But that's the thing: it's his character. You are not really Nathan Drake. Instead, you're more like the unseen force that is walking him down the only path that there ever is, has been, and ever will be for him. You are still the primary participant of the game, of course, and games like Uncharted are still awesome, but in cases like these you are beholding the game's events rather than immersing yourself into it as much as is technically possible. Here, Nathan Drake being voice acted only furthers this divide between player and game world.
With the silent protagonist, however, players are more readily included as being within the game's setting than they would be controlling a voiced character. This is because, in these cases, the players can easily project themselves onto the quasi-tabula rasa that is the speechless protagonist. When controlling someone like Gordon Freeman or Claude from Grand Theft Auto 3, your voice effectively becomes their voice, because, well, they have no voice to begin with. Speechlessness, in this instance, becomes a gateway to deeper player immersion. In part, you become the protagonist itself, doing all the remarkable things they would normally do by themselves.
Now, it's true that protagonists like Link and Claude have back stories, personal histories, and their own physical forms, so it's not like players are fully "in the game" as I've described above. There's always going to be some sort of barrier between player and character, if only because that's just the nature of the game/player dynamic. Unless we are able to actually play as ourselves one day (that weird Gerard Butler movie, Gamer, comes to mind), that sort of 1:1 interaction isn't really possible. But by keeping the protagonists silent, we can get closer to that deeper sense of connectivity between the two.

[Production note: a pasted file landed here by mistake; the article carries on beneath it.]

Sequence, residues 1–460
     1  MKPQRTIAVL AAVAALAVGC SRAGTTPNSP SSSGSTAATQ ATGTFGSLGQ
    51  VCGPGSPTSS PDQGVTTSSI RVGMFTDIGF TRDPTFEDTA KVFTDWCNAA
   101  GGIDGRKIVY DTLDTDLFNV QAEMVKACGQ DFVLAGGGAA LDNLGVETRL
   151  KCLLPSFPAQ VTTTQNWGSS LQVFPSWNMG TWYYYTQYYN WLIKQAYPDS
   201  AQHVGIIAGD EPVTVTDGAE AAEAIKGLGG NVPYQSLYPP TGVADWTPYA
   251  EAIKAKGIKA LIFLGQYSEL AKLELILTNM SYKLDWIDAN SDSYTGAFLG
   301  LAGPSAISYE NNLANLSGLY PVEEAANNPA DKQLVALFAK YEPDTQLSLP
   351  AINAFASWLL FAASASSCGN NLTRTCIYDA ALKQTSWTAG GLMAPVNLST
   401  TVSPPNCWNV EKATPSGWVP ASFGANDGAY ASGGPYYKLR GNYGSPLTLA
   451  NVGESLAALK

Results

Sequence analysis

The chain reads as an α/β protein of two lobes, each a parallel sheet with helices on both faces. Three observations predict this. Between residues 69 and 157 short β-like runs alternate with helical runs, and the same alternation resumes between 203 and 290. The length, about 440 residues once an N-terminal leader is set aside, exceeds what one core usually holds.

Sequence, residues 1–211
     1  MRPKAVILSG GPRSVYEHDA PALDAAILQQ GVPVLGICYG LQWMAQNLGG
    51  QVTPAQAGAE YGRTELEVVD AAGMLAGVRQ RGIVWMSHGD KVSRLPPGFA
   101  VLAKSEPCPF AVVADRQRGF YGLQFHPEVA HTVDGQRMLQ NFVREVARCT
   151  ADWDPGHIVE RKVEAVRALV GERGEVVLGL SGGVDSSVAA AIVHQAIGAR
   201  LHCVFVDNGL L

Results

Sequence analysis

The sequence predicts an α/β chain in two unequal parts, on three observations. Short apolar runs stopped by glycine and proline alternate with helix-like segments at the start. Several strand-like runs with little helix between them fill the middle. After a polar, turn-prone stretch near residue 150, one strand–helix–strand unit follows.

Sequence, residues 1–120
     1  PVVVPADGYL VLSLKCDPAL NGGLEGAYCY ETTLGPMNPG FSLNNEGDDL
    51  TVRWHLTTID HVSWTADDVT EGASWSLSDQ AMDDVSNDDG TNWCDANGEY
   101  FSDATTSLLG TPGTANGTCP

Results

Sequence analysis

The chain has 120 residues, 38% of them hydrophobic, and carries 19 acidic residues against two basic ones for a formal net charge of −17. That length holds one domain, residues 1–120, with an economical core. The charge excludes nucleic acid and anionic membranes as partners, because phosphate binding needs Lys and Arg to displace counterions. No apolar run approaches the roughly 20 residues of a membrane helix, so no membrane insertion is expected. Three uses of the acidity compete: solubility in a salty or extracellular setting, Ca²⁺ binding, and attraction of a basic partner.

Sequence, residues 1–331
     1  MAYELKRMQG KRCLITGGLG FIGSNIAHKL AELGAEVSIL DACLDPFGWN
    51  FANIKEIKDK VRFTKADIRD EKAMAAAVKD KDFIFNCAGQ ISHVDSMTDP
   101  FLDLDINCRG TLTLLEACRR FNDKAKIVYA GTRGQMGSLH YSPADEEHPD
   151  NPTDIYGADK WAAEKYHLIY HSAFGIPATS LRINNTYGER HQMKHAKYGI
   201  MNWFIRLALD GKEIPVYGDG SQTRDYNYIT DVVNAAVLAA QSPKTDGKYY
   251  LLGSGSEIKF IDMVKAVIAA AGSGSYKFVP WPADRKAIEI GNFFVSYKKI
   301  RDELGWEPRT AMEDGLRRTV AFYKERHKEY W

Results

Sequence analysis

This isn't to say that if a game casts a silent protagonist as its lead, it will magically hook players into its universe. As always, things aren't that simple. One thing about the silent examples I've named above is that they all come from games that contain unforgettable settings, side characters, narratives, and/or the like. A video game is a complex beast, we must remember, one that often functions and affects on multiple levels. A silent protagonist, at most, can only be a handful of beautiful brushstrokes on a larger painting. And it can only be so if the rest of that proverbial painting is doing its job exceptionally well.
Even still, the silent protagonist can remain an effective tool in a given game's arsenal, if used correctly. Part of the beauty of video games is that they provide a variety of pleasurable experiences to a variety of people, so to implement voice acting where it may distance a player from relating to its game, is unnecessary. You could even argue that a wholly voice acted gaming market is potentially harmful to the medium in general, if only because it creates a small sense of uniformity. While some may argue that a silent protagonist is a relic of an age come and gone, let it be known that there's probably a reason the practice has endured for this long. If nothing else, remember that we have tried to give certain quiet types voices before (the CD-i Zelda games, anyone?), and, uh, it didn't work out too well. In some games, silence truly is golden.
Date: August 6, 2012
*The views expressed within this article are solely the opinion of the author and do not express the views held by Cheat Code Central. This week's is also purely a work of fiction*